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Microsoft sales raised 25% in the last three months on the back of cloud, Xbox and, yes, even the Surface tablet and Nokia smartphones.
This is a development for a company that doesn’t need to rely on its operating system to support it.
Windows sales were just satisfactory in the last quarter: Sales to businesses were up 10% and consumer upgrades were up just a bit, but consumer PC sales were down 1%.
Sales of cloud services to businesses grew by a whopping 128% last quarter, driven primarily by the company’s Office and Azure platforms. Moreover, eighty percent of the Fortune 500 are using Microsoft’s cloud.
Office, which recently began offering a subscription model for consumers, now has 7 million Office 365 subscribers, Microsoft said. That’s up 25% over the previous quarter.
But it wasn’t just software driving Microsoft’s sales growth. Xbox sales doubled, though the comparison is a little weird — the Xbox One hadn’t launched yet a year ago. Microsoft now has more than 20 million paying members on its Xbox Live gaming and media network — another cloud success story.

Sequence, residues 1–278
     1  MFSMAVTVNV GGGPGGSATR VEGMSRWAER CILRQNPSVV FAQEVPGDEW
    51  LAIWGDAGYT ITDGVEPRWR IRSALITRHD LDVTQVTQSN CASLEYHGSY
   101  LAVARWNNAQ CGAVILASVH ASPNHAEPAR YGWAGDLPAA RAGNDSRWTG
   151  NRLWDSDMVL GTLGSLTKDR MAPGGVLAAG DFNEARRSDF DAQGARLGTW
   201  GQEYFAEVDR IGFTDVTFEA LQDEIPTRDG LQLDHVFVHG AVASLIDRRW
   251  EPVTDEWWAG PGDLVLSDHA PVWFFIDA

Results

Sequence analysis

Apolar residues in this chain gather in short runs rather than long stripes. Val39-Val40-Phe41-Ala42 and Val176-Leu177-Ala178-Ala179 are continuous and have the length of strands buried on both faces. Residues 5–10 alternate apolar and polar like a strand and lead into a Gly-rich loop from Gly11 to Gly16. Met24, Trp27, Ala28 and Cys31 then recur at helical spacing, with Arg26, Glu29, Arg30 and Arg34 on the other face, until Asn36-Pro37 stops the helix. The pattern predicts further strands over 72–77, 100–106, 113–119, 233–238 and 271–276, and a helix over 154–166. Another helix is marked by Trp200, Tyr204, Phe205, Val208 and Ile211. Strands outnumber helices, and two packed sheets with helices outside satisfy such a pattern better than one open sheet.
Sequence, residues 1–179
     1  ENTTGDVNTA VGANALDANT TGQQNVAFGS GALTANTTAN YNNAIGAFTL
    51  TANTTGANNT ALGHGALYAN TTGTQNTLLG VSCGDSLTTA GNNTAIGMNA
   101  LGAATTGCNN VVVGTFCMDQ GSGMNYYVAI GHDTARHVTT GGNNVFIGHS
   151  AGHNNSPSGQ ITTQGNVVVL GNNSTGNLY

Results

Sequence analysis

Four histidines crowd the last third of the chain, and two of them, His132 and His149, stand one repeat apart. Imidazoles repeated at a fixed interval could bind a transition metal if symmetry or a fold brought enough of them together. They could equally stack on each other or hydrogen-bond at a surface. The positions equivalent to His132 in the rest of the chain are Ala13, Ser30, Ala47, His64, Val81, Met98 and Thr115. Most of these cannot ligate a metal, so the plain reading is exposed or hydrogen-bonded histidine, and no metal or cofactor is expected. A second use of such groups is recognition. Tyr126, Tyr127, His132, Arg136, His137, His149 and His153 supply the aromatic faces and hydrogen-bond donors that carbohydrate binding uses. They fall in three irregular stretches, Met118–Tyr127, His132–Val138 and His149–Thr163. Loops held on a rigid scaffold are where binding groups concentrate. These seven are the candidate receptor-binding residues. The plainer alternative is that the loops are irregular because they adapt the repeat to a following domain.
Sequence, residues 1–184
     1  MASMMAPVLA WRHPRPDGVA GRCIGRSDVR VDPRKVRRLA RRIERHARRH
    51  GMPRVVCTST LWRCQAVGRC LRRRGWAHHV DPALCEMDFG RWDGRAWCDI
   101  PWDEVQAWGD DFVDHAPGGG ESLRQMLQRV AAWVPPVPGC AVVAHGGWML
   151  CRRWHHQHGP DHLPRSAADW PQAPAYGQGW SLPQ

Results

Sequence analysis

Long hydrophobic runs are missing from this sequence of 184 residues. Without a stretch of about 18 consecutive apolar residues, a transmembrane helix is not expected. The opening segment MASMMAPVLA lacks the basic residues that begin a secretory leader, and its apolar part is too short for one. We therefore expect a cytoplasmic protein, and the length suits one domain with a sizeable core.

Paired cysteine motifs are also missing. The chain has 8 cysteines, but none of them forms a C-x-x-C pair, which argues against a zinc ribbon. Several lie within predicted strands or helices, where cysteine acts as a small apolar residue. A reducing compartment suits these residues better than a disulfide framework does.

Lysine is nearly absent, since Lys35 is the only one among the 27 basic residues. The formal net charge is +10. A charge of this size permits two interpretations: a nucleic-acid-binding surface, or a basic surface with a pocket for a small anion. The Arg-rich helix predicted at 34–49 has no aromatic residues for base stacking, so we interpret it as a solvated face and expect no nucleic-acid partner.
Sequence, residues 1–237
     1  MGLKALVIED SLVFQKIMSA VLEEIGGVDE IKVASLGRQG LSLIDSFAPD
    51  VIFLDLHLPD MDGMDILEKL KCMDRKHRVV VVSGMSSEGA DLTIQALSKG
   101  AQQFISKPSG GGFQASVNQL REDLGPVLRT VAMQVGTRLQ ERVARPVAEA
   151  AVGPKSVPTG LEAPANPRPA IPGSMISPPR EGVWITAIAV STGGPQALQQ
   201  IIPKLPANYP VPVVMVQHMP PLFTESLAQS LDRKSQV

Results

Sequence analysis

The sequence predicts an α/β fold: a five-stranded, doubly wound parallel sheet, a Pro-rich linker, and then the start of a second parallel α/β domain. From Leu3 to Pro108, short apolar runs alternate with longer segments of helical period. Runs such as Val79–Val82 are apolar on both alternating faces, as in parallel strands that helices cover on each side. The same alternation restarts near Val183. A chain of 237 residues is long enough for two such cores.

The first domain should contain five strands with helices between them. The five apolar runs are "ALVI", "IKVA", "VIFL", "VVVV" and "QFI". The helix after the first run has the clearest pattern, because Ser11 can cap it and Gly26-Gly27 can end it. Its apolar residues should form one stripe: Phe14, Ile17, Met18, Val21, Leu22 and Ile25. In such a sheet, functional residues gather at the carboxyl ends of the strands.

The biggest boost came from Nokia sales, which Microsoft purchased in late April. Microsoft sold $2.6 billion worth of Nokia phones. But even without Nokia, overall Microsoft sales would have grown by 11%.
The company’s profit, however, slipped. The Redmond, Wash.-based software giant said its fiscal first-quarter net income fell 13% to $4.5 billion. Those results were impacted by $1.1 billion in restructuring charges, which came from its plan to cut 18,000 jobs by the middle of 2015.